by Tony Vidler
Focus. It is one of the most noticeable differences between those who are successful, and those who are frustrated. The ability to focus on what matters most is often what separates the two.
It is hardly surprising either given that it is definitely harder to be a successful financial adviser today than even just a couple of years ago. It is even harder still to keep life in balance while being a successful adviser: the demands on an advisers time are greater than ever before, and the non-revenue-generating activities which are expected continue to mount exponentially.
It is very easy for things to spiral out of control and for advisers to find themselves filling out forms and creating records and “managing stuff”, rather than actually advising anyone. Or running the business of trying to operate a profitable business. It’s easy to forget to have a life outside of those things.
So we need to know what to focus on….and what to leave….if we are to be both “successful” and also have some “work-life balance”. It is important to note that I am assuming here that you do not want to simply continue throwing more and more hours into being at work – that sort of kills the “work-life balance” concept really.
It might be relatively easy to produce an exhaustive list of management areas or adviser functions at this point that readers could use as a checklist, although I think it is more helpful to FOCUS on the question which will help you understand what matters most.
Spend 80% of your time on the things that help you get the job as an adviser, or do the job as an adviser. Let “stuff” consume the other 20% by all means. But get focused primarily on what matters: getting clients onboard and then providing advice to them.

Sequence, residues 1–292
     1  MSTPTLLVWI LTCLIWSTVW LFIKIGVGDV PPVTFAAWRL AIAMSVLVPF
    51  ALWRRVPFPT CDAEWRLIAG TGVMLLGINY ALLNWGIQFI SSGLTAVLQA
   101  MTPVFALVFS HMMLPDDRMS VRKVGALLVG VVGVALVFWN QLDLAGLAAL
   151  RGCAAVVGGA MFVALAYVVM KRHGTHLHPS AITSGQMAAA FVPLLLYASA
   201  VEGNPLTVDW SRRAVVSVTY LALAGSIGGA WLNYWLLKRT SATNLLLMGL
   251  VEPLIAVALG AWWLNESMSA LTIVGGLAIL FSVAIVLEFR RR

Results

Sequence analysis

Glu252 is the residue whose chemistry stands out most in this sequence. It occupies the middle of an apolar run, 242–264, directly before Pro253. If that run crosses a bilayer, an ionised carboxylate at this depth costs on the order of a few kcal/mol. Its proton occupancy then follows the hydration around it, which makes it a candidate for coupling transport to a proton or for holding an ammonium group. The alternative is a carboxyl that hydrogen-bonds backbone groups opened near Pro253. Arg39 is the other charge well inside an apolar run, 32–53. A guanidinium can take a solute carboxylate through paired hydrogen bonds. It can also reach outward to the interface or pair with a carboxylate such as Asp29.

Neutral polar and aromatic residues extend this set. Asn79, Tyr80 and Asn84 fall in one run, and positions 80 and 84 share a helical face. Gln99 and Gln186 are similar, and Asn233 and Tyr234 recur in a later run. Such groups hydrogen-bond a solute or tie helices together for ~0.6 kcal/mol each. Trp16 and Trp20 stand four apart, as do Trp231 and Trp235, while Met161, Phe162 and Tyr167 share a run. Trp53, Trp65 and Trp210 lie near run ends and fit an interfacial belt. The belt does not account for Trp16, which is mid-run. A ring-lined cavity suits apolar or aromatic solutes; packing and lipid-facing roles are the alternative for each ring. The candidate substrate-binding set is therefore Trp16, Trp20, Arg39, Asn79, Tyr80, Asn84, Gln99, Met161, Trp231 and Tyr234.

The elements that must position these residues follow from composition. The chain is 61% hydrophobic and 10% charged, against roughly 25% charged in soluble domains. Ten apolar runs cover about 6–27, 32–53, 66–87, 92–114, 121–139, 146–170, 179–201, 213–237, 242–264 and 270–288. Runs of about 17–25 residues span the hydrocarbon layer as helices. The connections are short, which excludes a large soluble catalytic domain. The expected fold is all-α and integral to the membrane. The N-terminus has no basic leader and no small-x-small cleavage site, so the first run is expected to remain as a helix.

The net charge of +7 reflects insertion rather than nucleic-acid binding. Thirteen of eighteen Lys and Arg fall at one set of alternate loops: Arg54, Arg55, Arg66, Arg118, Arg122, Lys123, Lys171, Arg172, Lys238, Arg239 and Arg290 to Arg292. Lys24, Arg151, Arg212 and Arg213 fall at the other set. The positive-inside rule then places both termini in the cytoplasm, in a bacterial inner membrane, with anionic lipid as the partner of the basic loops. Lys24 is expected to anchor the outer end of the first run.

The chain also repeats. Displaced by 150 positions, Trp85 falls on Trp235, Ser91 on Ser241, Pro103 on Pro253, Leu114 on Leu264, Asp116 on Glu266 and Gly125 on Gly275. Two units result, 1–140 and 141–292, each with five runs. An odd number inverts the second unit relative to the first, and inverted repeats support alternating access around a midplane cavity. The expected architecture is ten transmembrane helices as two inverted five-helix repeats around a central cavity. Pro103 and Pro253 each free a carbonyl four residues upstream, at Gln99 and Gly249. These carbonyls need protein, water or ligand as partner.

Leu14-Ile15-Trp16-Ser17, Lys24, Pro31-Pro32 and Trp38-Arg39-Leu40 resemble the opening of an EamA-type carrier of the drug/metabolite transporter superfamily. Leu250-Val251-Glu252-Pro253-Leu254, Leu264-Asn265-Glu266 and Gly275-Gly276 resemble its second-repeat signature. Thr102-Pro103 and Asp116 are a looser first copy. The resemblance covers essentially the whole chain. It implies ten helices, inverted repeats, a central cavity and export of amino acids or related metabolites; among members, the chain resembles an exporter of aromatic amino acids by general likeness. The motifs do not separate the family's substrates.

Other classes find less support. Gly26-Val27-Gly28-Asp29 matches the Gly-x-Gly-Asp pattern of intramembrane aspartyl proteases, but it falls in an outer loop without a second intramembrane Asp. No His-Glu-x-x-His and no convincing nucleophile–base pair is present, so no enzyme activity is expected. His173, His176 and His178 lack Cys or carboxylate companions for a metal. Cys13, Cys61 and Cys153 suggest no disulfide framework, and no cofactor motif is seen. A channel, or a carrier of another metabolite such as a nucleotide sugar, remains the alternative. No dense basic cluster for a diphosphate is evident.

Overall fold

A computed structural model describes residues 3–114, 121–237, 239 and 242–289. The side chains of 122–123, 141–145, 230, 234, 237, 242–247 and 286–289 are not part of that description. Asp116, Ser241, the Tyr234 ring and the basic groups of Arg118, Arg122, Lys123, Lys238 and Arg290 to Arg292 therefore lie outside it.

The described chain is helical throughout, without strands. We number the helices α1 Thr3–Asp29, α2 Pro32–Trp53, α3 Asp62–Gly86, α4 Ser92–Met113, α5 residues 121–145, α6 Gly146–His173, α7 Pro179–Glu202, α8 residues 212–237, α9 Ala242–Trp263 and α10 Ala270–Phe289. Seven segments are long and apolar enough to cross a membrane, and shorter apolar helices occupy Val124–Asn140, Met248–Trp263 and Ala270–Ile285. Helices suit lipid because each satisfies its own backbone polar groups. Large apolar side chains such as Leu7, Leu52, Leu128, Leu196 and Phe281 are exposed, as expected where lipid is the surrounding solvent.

That is the advisers job. In an ideal world everything that is not associated with getting a client engaged and then formulating and delivering advice to them would not be done by the adviser. That other stuff would be someone else’s job. The world is not ideal however, so some “stuff” inevitably lands on the adviser to do which is not a core function of delivering advice to people who want or need it.
The secret to being successful as an adviser – having lots of satisfied paying clients – while also have a life that you like with the right proportion of work & play is to gain clarity about what the important things are in your work. Do the stuff that matters, and let the rest wait until time is not an issue. If you are doing enough of the stuff that matters and obtaining the level of success you want then it is a relatively straightforward matter to pay someone else to do the other stuff that is not your core focus. Until you have enough money to do that, focus on the two things that will ensure you do: getting the job, and, doing the job.
Focus on the tasks and activities that help you get clients onboard. Focus on the business of delivering advice to them.
Get some balance back into your business activities, and you will get the balance you want in your life as well.